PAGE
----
Noting Google's continued support for Microformats as a metadata format.
Stop giving away your work to people who don't care about it. Host it yourself. Distribute it via methods you control. Build your audience deliberately and on your own terms.
Be in charge of the relationship with your audience.
Deliver value and then ask for money. Avoid unnecessary middlemen.
Reminds me a bit of Kevin Marks’ experiment Decaying Silos as Dead Malls, though I’ll have to see if this site went to the extremes that Kevin did.
Makes me think I should do something similar when I syndicate my content to social silos? Hmmm….
%finishedin the master view for
My Books >> Currently Reading(example URL).
This would let me sort the 30+ books in my currently reading list and figure out which ones I’m furthest through and could potentially finish quickest on my sprint for cleaning out my list for the end of the year.
You’ve got almost every other bit of sortable data in those lists, why not this one? I’ll take a simple numerical view, but if you want to throw in the progress bar, there’s lots of bonus points in your developer Christmas stocking.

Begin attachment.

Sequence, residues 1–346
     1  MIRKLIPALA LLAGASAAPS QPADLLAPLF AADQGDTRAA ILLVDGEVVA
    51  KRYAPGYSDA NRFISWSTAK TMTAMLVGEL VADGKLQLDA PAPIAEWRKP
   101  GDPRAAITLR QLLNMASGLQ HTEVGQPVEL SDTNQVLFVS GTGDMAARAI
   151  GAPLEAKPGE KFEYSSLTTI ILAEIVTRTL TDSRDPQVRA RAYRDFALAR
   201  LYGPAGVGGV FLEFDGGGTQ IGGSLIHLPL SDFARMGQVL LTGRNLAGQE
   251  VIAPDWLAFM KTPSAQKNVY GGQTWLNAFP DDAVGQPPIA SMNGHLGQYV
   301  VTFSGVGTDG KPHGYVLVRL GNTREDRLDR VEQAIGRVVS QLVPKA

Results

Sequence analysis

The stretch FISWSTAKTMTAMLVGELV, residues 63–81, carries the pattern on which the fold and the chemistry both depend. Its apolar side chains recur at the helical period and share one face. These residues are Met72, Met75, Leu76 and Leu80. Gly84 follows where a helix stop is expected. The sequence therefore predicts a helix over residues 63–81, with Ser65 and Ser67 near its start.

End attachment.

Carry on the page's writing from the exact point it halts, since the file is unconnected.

Last weekend, my friend Virginia shared her latest blog post on Facebook, about excellent Ada Lovelace Day posters for women in STEM (Science Technology Engineering Math). Go ahead, download them! …
In Part One of this miniseries on metadata, we looked at how you can use Schema.org markup to help search engines understand your website content better. Today, we’ll look at another widely used form of structured data markup, Microformats. Microformats is an initiative launched in 2005 by the web development community to give more semantic meaning to HTML.
In Part One of our miniseries on metadata, we examined Schema.org. In part Two, we looked at microformats. Today, we’ll close this series by looking at Dublin Core. The Dublin Core Metadata Intiative (DCMI) first began in 1995 in Dublin, Ohio. Since 2000, it has been used alongside other specialty markup languages, such as RDFa.
ImageSnippets lets you create a responsive image gallery using ImageSnippets end point, username, property and object.
Major features in ImageSnippets allows you to:
Add/remove/edit multiple galleries.
Regenerate your gallery manually or schedule an automated task.
We are using REST API (https://www.setcronjob.com/) that will allow you to create a cron job service for regenerating your gallery. To do so, you have to create an account and generate API token.